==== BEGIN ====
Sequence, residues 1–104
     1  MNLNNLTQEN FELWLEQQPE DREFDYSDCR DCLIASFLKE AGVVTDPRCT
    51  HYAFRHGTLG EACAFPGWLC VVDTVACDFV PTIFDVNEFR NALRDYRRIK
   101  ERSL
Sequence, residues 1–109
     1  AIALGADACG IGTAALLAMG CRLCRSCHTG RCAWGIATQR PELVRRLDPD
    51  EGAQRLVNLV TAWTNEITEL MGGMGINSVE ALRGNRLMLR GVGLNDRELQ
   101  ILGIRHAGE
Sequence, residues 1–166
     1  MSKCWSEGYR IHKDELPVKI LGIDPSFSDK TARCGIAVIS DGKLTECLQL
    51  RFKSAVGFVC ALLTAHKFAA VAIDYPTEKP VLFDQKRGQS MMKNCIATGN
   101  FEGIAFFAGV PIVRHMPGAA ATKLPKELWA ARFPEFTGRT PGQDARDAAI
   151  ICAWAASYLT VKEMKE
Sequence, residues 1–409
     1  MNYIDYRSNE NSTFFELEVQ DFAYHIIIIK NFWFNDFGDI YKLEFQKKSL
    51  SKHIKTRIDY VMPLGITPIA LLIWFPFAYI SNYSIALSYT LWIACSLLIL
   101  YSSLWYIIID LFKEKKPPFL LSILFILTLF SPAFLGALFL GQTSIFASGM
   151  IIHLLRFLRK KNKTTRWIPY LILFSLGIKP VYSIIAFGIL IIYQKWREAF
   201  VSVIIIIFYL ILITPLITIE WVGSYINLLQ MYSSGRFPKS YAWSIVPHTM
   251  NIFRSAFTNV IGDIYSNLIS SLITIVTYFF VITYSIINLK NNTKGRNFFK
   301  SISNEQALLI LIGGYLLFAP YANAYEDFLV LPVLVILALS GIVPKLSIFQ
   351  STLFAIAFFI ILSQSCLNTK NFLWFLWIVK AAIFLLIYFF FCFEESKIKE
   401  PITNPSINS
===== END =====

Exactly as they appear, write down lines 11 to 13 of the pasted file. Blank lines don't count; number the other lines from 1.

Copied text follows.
    51  RFKSAVGFVC ALLTAHKFAA VAIDYPTEKP VLFDQKRGQS MMKNCIATGN
   101  FEGIAFFAGV PIVRHMPGAA ATKLPKELWA ARFPEFTGRT PGQDARDAAI
   151  ICAWAASYLT VKEMKE